I n Brazil, only Jesus Christ beats me [in popularity],” former President Inácio Lula da Silva declared in September last year, tearfully denying corruption allegations against him and his family. Although he is probably no longer the most popular politician “on Earth”, as ex-US President Barack Obama said in 2009, he retains the highest favourability ratings in Brazil. But the latest investigations into the enormous Odebrecht scandal - which has upended Brazilian politics and is shaking governments elsewhere in Latin America - have put the Lula myth in danger.
Testimony from 78 executives at Odebrecht, South America’s biggest construction conglomerate, leave very few Brazilian politicians and business personalities untainted, including eight ministers in the government of President Michel Temer. Local media has dubbed them the “end of the world confessions”. But they are particularly damaging for Mr. Lula’s image as a union leader of humble origins who became the voice of Brazil’s working class and an integral part of Latin America’s ‘pink tide’.
The new accusations link Odebrecht’s international bribery scheme with Mr. Lula’s political success, suggesting that company founder Emilio Odebrecht financed three of his presidential campaigns. Judge Sergio Moro has summoned Mr. Lula to a court in southern Brazil on May 3 to discuss these and other allegations. “It's going to be the first opportunity I'll have to know what the accusation is against me and what kind of evidence they have,” Mr. Lula told Brazilian Radio O Povo.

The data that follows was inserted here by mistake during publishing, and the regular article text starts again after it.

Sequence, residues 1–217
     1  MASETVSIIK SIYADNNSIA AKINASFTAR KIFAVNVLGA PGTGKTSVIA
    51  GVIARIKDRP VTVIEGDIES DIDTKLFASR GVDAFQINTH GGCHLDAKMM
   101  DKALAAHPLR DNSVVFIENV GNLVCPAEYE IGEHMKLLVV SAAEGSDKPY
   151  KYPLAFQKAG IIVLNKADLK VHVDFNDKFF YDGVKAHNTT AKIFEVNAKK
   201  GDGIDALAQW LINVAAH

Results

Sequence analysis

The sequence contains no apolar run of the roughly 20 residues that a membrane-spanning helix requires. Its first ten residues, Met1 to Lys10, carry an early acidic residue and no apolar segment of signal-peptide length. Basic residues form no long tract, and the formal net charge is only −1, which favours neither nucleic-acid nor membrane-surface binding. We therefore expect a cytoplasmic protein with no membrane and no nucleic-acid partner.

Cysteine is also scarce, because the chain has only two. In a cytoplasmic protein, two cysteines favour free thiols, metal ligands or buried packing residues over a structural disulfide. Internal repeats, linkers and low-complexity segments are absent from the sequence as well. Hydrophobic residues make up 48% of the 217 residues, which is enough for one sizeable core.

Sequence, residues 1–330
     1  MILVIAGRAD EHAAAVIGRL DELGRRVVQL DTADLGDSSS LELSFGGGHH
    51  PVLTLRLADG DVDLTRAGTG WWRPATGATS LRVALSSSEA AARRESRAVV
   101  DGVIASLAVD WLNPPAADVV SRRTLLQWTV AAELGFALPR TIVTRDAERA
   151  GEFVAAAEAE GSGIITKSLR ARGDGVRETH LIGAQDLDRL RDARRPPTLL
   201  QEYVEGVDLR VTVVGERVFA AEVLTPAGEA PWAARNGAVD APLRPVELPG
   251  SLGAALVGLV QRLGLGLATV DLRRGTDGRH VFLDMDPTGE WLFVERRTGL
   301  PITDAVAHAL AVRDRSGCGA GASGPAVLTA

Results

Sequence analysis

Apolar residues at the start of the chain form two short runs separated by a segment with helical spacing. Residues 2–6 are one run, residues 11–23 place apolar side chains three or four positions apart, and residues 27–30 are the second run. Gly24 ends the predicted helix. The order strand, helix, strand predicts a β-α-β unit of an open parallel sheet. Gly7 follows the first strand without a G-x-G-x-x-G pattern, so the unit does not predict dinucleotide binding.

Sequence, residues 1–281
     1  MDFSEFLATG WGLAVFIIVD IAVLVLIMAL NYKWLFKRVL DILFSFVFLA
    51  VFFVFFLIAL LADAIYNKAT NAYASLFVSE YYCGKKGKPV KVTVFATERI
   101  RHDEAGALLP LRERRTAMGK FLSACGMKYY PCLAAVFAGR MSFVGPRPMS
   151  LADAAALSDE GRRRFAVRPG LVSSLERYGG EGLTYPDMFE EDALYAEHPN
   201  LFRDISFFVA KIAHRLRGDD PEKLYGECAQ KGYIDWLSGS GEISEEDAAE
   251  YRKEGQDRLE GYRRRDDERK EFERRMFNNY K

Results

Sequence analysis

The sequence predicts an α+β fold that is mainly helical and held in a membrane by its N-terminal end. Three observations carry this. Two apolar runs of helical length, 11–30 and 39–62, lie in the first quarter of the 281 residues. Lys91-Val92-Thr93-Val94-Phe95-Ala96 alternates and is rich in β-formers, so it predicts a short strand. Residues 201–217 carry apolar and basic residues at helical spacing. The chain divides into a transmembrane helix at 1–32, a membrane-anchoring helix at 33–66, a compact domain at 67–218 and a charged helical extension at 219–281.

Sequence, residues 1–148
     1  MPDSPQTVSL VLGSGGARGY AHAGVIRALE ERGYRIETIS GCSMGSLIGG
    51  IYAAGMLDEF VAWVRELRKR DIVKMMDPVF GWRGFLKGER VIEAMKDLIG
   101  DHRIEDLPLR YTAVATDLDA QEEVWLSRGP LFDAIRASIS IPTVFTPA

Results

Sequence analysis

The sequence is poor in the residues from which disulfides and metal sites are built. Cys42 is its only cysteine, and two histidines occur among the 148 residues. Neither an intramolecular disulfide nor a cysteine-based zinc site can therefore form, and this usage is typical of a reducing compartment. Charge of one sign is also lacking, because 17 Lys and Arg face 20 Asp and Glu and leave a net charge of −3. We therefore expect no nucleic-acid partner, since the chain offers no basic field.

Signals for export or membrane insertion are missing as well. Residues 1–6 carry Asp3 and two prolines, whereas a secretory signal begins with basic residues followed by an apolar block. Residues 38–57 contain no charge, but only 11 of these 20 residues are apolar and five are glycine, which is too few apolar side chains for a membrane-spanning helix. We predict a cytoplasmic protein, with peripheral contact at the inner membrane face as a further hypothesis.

While the legendary leader is ensnared in Odebrecht’s long tentacles, some observers think the new accusations may be politically motivated. In January, Mr. Lula announced that he might run in the 2018 presidential election; in February, polls showed him leading the race, way ahead of Mr. Temer.
83% of Brazilians approved of Mr. Lula’s administration when he left the presidency in 2010, according to a survey by pollster Datafolha.
Mr. Temer “has low popularity and no legitimacy recognised by either the impoverished crowds or the social or economic elites”, Brazilian political analyst Roberto Romano told The World Weekly. By contrast, Mr. Lula has always been a populist leader, “with great experience in negotiating with all sectors of society”.
For Mr. Romano, the current political crisis opens up a number of possible scenarios, ranging from the end of Mr. Lula’s career to the announcement of a national accord that would save him and other politicians from being convicted.